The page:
To diffuse finals week tension, the University of Minnesota’s Center for Spirituality and Healing brought out its toughest reinforcements: a 4-year-old golden retriever, a corgi-German shepherd mix and a silkie chicken named Woodstock.
The center partnered with the Magrath Library to bring animals trained in Animal-Assisted Interactions, commonly known as animal therapy, to the St. Paul campus Monday. They will be available to students in the Learning and Environmental Sciences building between 10 a.m. and 2 p.m. until Wednesday, the final day of classes.
Megan Unrau said she has a lot on her plate during the last week of classes, so she was excited to interact with Gopher the golden retriever.
Therapy dog Gopher takes a nap in the lap of a student Monday at the Learning and Environmental Sciences building in St. Paul.
“It’s relaxing,” the graphic design major said. “Sometimes you just need a little time with an animal to help calm you down.”
According to the National Research Center for Women and Families, animal interaction has been shown to lower blood pressure, heart rates and anxiety in humans.
“Students are looking for a way to release tension,” said Kristen Mastel, a University librarian. “Petting an animal is a natural way to release tension.”
With finals week approaching, Mastel said “pet-deprived” students are in greater need for stress relief.
The AAI animals are trained to partner with people to focus on emotional, social, cognitive, physical and spiritual well-being, said clinical social worker Tanya Bailey, who is a new addition to the University’s Animal-Assisted Interaction Programs.
Gopher the dog works at children’s hospitals and with Reading Education Assistance Dogs, a literacy program where people with reading disabilities read to AAI-registered animals, said Chad Burgess, Gopher’s handler.
Burgess said being around the dogs relaxes people and provides them with a “non-judgmental” atmosphere where they can improve their reading abilities.
‘A mental massage’
Bailey said a barrier she’s faced working in AAI is that it’s not taken seriously.
“I think up until recently, this wasn’t considered hard science,” Bailey said. “It was much considered silly.”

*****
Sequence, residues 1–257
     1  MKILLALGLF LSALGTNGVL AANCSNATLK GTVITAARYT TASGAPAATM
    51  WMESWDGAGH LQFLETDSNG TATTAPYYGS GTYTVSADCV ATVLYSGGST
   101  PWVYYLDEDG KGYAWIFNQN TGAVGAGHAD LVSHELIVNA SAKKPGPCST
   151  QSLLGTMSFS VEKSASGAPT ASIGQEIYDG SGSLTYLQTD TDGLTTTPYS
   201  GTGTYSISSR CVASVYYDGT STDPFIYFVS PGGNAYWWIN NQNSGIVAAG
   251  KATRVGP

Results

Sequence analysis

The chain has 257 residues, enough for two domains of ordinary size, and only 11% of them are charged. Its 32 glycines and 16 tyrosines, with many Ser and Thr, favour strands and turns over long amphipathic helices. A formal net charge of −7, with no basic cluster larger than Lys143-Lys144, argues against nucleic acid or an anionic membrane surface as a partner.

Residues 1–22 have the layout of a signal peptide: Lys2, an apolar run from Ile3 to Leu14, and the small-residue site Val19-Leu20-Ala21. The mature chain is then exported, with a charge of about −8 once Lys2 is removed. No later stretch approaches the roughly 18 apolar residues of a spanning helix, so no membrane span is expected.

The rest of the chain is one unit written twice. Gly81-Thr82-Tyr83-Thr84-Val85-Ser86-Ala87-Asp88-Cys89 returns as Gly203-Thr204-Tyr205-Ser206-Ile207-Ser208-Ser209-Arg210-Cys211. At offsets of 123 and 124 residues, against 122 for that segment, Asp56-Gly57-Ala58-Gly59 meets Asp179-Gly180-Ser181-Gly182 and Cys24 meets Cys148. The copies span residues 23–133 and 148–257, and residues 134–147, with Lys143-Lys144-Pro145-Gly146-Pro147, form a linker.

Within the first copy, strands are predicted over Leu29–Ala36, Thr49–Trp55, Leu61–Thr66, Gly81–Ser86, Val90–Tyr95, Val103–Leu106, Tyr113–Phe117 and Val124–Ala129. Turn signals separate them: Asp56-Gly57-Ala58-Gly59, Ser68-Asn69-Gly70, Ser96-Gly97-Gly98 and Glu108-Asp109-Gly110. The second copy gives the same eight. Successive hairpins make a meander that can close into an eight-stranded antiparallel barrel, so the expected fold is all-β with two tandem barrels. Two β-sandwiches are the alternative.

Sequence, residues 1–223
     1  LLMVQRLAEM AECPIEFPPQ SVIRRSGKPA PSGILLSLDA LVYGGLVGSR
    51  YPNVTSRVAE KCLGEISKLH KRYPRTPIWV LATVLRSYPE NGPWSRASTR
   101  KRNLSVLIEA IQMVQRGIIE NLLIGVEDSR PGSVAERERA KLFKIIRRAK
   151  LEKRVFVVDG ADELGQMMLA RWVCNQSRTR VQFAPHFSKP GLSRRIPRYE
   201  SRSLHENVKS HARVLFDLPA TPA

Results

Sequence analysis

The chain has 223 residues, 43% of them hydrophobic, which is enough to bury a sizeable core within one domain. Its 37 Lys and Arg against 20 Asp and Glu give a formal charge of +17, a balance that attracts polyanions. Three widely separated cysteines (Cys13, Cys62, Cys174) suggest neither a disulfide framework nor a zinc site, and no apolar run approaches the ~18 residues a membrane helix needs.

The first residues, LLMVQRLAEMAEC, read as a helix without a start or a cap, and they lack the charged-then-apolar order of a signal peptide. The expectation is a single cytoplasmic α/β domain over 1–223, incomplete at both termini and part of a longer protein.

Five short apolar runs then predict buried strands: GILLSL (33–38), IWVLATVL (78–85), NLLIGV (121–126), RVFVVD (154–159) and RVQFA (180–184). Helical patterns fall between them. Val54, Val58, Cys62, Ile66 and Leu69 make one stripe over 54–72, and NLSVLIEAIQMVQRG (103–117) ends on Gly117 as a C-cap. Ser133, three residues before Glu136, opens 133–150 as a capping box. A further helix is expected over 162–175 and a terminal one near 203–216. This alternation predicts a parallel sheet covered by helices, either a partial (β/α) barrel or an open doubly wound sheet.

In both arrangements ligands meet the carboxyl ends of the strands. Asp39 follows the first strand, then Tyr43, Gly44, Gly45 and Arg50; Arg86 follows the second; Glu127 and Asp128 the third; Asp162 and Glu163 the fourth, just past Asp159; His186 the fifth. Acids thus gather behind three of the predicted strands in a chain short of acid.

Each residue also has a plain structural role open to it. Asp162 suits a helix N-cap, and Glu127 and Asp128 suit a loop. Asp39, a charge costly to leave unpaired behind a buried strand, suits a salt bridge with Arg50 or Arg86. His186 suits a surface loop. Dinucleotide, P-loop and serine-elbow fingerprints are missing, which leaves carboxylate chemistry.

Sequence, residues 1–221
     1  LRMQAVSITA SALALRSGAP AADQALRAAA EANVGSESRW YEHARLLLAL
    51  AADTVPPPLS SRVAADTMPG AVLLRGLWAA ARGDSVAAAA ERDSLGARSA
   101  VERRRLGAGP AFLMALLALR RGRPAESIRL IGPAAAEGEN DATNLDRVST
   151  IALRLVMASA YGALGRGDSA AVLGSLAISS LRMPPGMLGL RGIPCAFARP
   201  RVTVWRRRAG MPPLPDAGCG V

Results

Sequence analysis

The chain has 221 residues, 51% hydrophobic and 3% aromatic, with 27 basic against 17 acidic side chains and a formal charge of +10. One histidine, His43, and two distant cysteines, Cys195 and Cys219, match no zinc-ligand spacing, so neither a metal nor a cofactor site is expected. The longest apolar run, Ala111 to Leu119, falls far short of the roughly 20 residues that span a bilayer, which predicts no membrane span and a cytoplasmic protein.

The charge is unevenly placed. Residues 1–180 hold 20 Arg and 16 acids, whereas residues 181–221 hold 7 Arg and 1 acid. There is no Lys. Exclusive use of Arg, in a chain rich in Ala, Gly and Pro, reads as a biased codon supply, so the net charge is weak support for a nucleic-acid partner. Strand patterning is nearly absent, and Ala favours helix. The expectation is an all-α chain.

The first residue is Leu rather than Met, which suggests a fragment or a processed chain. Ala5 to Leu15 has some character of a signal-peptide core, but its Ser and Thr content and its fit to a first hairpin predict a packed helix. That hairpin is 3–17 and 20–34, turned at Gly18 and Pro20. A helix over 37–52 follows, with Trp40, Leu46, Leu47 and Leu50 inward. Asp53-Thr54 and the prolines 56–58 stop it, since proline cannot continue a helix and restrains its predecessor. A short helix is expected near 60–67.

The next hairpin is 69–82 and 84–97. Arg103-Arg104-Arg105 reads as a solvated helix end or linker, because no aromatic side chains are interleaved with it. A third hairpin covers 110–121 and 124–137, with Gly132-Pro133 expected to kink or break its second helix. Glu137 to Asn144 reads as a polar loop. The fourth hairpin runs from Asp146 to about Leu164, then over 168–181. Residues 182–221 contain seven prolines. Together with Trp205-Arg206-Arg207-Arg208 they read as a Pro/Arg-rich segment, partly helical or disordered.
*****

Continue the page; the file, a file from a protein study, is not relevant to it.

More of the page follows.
Bailey said the University recently hired her as part of a new initiative to help expand the AAI field in academia through research and coursework development.
Larson said AAI works because of the Attention Restoration Theory — the idea that focusing on an animal, or any element of nature, allows the brain to relax.
“It’s like a mental massage,” she said. “And when you go back to studying, your brain has a new energy. It’s been revitalized.”
This week’s events are also promoting awareness for a University course, Animals in Healthcare, said Jean Larson, the course instructor.
Students in the class get hands-on experience working with dogs, horses, cats, guinea pigs, rabbits and other animals in AAI settings, Larson said.
She said it’s important to note that animals aren’t being “used” to treat people — AAI only works when animals show interest.
“They are just as involved with the process as we are,” Larson said. “It’s always a partnership working with the animals.”
One of Bailey’s main AAI partners is Woodstock, a 6-year-old silkie chicken.
“She’s just this little fluff puff of feathers,” Larson said. “She’s just hilarious.”
Bailey said Woodstock makes for a good AAI partner because people don’t expect a chicken to do this type of work.
Woodstock, a mellow hen, is usually content sitting in her basket or on a person’s lap.
Bailey said petting the hen can have a meditative effect because a person’s entire face and body usually relaxes during the process.
Larson said she’s hoping to make these pre-finals week animal sessions a campus tradition.
“It’s probably been the best part of my day,” said Cassy Tessier, a family social science student. “Now I’m probably going to head back and study all day.”